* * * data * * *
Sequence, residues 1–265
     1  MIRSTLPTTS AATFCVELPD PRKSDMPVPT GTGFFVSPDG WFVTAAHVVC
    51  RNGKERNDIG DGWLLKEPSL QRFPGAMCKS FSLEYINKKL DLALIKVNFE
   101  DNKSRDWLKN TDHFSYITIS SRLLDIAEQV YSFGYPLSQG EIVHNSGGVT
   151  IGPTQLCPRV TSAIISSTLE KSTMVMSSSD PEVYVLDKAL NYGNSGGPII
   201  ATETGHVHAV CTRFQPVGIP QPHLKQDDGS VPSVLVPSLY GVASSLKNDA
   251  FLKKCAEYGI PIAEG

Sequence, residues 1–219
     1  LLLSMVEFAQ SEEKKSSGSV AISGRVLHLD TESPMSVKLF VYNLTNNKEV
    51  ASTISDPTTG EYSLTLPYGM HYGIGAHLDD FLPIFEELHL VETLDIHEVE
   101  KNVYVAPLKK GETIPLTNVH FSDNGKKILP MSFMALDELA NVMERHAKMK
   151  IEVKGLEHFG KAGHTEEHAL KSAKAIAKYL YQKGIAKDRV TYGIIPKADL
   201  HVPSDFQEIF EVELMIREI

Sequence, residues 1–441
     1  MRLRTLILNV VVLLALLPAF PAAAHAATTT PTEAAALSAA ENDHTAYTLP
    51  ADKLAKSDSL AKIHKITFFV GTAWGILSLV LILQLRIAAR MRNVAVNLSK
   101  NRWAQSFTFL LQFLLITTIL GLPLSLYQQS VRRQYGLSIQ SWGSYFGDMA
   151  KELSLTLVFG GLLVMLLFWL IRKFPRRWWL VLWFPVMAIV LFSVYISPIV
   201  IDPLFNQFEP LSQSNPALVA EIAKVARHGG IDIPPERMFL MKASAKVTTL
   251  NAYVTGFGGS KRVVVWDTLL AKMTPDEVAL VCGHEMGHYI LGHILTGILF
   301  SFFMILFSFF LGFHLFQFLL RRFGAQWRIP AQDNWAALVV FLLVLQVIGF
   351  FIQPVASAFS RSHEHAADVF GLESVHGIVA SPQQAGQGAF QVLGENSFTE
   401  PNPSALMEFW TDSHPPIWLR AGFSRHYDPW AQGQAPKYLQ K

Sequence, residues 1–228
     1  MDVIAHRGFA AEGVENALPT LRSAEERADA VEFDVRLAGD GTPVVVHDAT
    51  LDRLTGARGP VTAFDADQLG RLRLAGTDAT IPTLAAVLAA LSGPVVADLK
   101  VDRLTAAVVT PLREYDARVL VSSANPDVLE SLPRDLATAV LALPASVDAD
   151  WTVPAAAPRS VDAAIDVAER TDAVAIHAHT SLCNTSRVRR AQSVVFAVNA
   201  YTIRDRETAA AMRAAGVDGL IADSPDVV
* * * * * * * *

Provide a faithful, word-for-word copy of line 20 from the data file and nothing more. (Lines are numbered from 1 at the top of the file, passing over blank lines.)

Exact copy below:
   251  NAYVTGFGGS KRVVVWDTLL AKMTPDEVAL VCGHEMGHYI LGHILTGILF